By Lois Taylor
Featured Image: Young Ladies of the Village by Gustave Courbet, 1851-2
The last thing May B ever wanted was to be stuck with Tweety, who is standing there in her halter top and shorts, frowning at the yowling cat.
“Run that by me again, where you got her?” says Tweety.
May B explains how the stray came to the door just before her mom got sick and the aid car had to take her away again, and her mom said the cat was pregnant but way too young to have kittens.
Now the cat begins to twitch. “She’s going to die,” says May B. “She doesn’t even have a name.”
“Who’s talking about dying,” says Tweety. “Help me get that baby ready.”
Tweety drives May B and her baby brother Toby and the cat in her beater car with the back doors wired on, down to a concrete building with a dog in blue neon and a pink cat.
The vet’s eyes are so deep that they gleam from his skull like the light from a coalminer’s hat. He swoops up the cat and disappears through a door that says, NO ADMITTANCE.
Toby naps with his cheek stuck to the vet’s plastic couch. Tweety paces and texts May B’s dad. She won’t get him, though, because that’s how it is when he doesn’t want to be got. May B’s mom divorced him but May B never will. Tweety’s the newest in what her mom calls the bimbo eruption.
“I want to call my mom,” says May B.
“It’s too late, lambchop,” says Tweety.
“That’s not my name.”
“Little girl, I am in over my head here so just work with me. And you can stop fretting. Your mama is going to be fine.”
“How do you know?”
“Because I was almost a nurse.”
May B squints to see if she can see Tweety in a nurse’s uniform but it’s still the person she and her mom call Tweety-bird for her voice and her bright yellow hair. “How come?”
“I had a baby while I was at school?”
“Where’s the baby now?”
“With my mama. I named her Brandy. Your daddy didn’t tell you about Brandy?”
Tears in Tweety’s eyes. She wipes them off then stares at her fingers. “Sometimes seems like he doesn’t care at all.”
The door swings wide and there stands Frankenstein the vet, holding a silver tray.
“She aborted.” He bends to show six tiny bald kittens in a row.
They have to leave the cat behind because she’s still knocked out and also because Tweety can’t pay the bill, which she says is gastronomical. “Stick ‘em up,” Tweety points at the vet as they leave.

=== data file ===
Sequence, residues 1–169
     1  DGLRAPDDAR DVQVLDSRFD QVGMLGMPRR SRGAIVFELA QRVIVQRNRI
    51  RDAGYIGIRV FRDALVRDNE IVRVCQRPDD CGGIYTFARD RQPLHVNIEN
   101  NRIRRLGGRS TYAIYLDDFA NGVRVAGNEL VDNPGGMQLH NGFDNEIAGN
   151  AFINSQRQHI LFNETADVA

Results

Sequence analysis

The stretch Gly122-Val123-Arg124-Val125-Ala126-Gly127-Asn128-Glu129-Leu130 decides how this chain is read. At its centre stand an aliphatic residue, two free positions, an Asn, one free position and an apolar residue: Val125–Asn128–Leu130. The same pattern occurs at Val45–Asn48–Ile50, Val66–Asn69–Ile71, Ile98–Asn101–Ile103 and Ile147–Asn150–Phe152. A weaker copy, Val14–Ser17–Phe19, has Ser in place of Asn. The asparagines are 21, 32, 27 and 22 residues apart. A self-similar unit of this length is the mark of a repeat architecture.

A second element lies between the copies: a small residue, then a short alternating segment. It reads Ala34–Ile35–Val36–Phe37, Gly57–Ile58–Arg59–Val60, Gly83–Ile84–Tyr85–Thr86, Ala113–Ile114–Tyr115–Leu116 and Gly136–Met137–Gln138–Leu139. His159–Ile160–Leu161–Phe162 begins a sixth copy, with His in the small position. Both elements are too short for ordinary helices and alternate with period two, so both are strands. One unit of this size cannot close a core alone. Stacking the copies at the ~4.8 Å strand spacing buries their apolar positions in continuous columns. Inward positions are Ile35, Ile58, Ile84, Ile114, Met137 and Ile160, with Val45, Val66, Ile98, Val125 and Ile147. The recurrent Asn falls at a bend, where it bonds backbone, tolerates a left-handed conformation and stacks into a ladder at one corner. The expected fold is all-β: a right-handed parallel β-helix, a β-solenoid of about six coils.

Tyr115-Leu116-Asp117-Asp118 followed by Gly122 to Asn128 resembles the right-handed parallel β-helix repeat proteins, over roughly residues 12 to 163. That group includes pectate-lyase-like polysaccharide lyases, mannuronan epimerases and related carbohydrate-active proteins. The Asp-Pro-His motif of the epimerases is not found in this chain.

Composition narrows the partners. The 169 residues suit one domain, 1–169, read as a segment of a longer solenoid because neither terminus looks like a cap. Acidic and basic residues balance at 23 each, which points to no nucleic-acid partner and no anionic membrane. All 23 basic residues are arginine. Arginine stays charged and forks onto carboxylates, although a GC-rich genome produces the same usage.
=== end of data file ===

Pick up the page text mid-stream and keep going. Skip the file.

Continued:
Toby begins to whimper on the drive back. “He needs a bottle,” May B says. Tweety is hunched over the wheel like she’s dragging them all home behind her in a sack.
“A bottle? Idn’t he two years old?”
“Toddlers need bottles sometimes. What kind of mom are you anyway?”
“Piss poor, obviously,” says Tweety, tearing up again.
“Well don’t cry about it,” says May B.
Tweety stops at the Quik Shop to buy milk and a plastic baby bottle and beer. She tells the clerk with the turban, “Nine dollars? Whyn’t you just round it off at a thousand?”
“Ma’am?” he says.
Then they sit in the car while Tweety chugs a Miller Light and May B fixes Toby’s bottle. “You shouldn’t drink and drive, you know.”
“Will you please please please please please please please just get off my tits,” says Tweety, looking in the rearview mirror. Then she sighs. “Tell you what. What are your top ten songs? Don’t you be rolling your eyes. Singing is praising.”
May B’s thinking, Lady, you talk like you’re black and you’re white as flour.
Tweety raises her brows. “What’s that you’re saying under your breath?”
It begins to rain and May B sees the world slowly smeared by window wipes, crossing her fingers that her mom scored a bed by the window so that right now, this minute, she can see the rain too, so they’d really be watching together.
Next morning, Tweety has already called the hospital and the vet. “How come you didn’t wait?” says May B.
“Well I didn’t so can we start from there? She’s better, kitty’s better, whole world up and running.”
“How’s she better?”
“Christ on toast, May B. Better better. You are one hard nut.”
“I am not a nut,” says May B.
“Was that a smile?” says Tweety. “Listen up. We’re going to call your mom later. So. What do we do betwixt? It’s too rainy to go tripping through the daisies.”
“Nothing,” says May B.
“Tell you what. Can you knit?”
“That’s dumb,” says May B. She’s getting the everybody’s-watching feeling where her face feels hot.
“Dumb? Dumb’s not keeping your mind ventilated. Smart girl like you with your acceleration program.” Tweety pulls out yarn and needles.
“Accelerated. I want to call the hospital now.”
“How about we name that cat. How about Amber, for her eyes?”
“Hospital hospital hospital.”
Tweety takes her chin. “Now who was it saved that kitty’s life and then brought everyone home, safe as houses? Here is what is going to happen. We are going to get through this together. Why’s that? Because each other is what we got.”
May B shrugs and picks up the needles. “Cinnamon sounds better than Amber.”
“Down,” says Tweety.
“Just seeing if you’d say Up. Relax your fingers. You can’t do it and choke it at the same time. You are the tensest child.”
Learning to knit is the most boring thing, just to make stuff you could get at a mall, plus her needles don’t click like Tweety’s.
It begins to rain again and Tweety gets up to look. “Sun and rain. Could be a double rainbow. That’s good luck. An omen.”
Which it’s not. It’s nothing but broken light and prisms. If it was luck, everything would be like it was before. Only different.
Lois Taylor‘s fiction and poetry have appeared in numerous magazines, including The Kenyon Review, Bellevue Literary Review, Glimmer Train, American Short Fiction, Nimrod, Story Quarterly, Gulf Coast Journal, The Nation, The Yale Review, and others. She has received national awards from the Association of Writers and Writing Programs and The Missouri Review. She has worked as a poet-in-the-schools and taught at both Wayne State University in Detroit and the University of Washington. Currently, she is putting together a collection of slightly askew stories.
Originally appeared in NOR 17